(Ticking time bombs go tic-toc. Are ETFs the canary in the coal mine this time around?)
by on SEPTEMBER 12, 2015
… ETF’s – have grown to the point where any prolonged large scale exit will exceed the funds available to those who control the funds and make the markets. I think they know this and some time ago those market makers and fund controllers began to boost the credit they could draw upon. Problem is the very banks they are agreeing larger credit lines with, are drawn from the same group of financial companies who make the ETF markets.
The ETF market with its promise of easy withdrawal means when there is an event which spooks people and they want out it happens in seconds not days or even hours … . Today it is not a bank run that will amplify some large local event in to a global wave, but a fund run. …
by on MAY 3, 2012
… If I am in any way correct then ETFs will be to the next stage in our on-going state of siege-mentality crisis what CDOs were to the last. … (ETFs) are being seen as the provider of liquidity and risk-controlled ‘exposure to risk’, just as CDOs were, when in fact they are concentrating risk and will, in a moment of panic, cause liquidity and lending to collapse. …
Here is how a paper for the Bank for International Settlements (BIS) describes the rise of the ETF.
…in the low global interest rate environment in 2002–03, structured credit products [CDOs] … offered higher returns to comparably rated plain vanilla assets.
The financial crisis experience, however, dampened investors’ appetite for structured credit products. Yet the low global interest rates (are back, and) financial intermediaries have responded by adding some innovative features to (ETFs). (P.1)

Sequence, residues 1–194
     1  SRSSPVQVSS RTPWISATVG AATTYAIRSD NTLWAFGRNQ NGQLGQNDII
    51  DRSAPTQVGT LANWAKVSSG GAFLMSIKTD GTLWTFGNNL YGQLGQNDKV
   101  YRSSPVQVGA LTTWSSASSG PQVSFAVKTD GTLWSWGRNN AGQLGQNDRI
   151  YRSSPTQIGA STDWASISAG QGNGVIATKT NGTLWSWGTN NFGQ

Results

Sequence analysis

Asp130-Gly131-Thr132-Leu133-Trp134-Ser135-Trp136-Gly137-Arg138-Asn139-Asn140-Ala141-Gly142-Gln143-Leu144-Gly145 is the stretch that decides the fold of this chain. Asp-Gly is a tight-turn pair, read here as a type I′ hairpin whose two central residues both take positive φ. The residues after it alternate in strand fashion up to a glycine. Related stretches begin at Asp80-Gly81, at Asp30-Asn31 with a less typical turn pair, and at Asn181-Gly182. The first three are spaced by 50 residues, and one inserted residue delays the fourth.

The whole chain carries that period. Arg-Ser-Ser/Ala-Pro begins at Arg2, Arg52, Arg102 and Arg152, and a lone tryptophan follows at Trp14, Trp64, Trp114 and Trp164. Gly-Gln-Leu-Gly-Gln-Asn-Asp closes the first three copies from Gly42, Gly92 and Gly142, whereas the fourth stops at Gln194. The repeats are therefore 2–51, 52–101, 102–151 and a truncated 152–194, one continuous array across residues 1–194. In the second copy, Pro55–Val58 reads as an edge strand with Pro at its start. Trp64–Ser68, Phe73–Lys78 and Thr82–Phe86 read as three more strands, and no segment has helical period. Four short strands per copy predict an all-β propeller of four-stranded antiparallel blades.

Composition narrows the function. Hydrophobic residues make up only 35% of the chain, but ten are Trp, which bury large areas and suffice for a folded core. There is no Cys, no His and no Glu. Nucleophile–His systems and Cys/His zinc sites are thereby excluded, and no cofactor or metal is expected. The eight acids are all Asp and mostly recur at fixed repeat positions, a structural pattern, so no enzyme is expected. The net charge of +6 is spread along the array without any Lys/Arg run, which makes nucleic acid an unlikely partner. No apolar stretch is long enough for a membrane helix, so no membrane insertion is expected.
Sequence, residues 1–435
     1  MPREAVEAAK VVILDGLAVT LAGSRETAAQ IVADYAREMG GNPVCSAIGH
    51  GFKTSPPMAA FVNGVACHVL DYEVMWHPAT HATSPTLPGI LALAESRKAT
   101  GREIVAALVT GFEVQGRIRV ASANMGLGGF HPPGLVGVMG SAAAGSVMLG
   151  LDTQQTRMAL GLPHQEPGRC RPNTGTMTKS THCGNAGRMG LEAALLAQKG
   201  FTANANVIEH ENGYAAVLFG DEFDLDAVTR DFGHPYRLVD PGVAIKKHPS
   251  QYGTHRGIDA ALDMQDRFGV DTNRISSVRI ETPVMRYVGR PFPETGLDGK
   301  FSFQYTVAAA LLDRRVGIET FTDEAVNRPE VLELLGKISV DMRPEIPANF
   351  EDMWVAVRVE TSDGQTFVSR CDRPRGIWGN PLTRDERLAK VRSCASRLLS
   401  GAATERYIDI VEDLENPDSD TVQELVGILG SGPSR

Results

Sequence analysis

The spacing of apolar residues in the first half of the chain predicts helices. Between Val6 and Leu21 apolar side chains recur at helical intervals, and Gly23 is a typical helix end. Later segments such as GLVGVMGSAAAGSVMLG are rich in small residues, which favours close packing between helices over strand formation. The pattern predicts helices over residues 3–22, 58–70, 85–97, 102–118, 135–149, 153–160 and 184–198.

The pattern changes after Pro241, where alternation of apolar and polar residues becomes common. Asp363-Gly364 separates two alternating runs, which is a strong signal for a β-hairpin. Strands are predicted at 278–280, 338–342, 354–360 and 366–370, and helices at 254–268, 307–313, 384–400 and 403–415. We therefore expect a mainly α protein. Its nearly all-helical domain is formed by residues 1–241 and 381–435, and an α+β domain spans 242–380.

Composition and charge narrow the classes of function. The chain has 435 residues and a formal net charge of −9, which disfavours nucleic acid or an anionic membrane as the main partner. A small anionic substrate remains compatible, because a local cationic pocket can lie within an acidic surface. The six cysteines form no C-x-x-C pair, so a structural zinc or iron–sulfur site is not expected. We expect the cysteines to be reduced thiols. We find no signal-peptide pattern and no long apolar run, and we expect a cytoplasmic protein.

… When interest rates are low banks can’t make much return by simply lending out money. So the desire for a higher return spurs the invention of financial products that promise that special combination of a higher return but without the higher risk that should come with it. Securitization and CDOs promised it. ETFs promise it.
So what is a basic ETF?
An ETF (Exchange Traded Fund) is an investment fund which holds a mix of stocks, bonds or commodities such that it emulates and thus tracks … the particular exchange it is based on … . The ‘product’ is marketed as a way of investing in a basket of stuff so as to spread the risk … . … To me these are the obvious parallels between securities/CDOs and ETFs, on the ‘risk’ side.
There are also parallels on the ‘liquidity’ side. … What makes ETFs different from other kinds of investment funds, like Money Market Funds, is that shares in the ETF can be bought and sold like any other stock or share, on a second by second basis. …
ETFs are also seen as increasing and therefore providing liquidity (for shares on markets like) emerging markets which many investors would not know much about or dare to purchase. …
ETFs were invented back in the 90′s. … In 2005 ETFs held a mere $410 billion in Assets Under Management … and by 2010 ETFs had tripled to $1.3 Trillion … still small, just 5% compared to the much more established Mutual Fund market. But … it is the rate of growth, not its size which seems to me to tell the story. The ETF industry has grown at 40% a year over the past 10 years! The broader market has achieved 5%. …
I want to make it clear that I don’t think ETFs are necessarily a bad thing. But …
Reasons not to be cheerful.
When ETFs began they were what is now referred to as plain vanilla or physical ETFs. Such ETFs replicate (a sector of the) market by simply buying a representative basket of the shares which make up (that) market . The ETF’s creator/Sponsor gives this basket a company name and then creates and sells shares in that name, which people can buy and sell. (So the buying public is not owning the stocks. The public is buying the promise of a Sponsor.)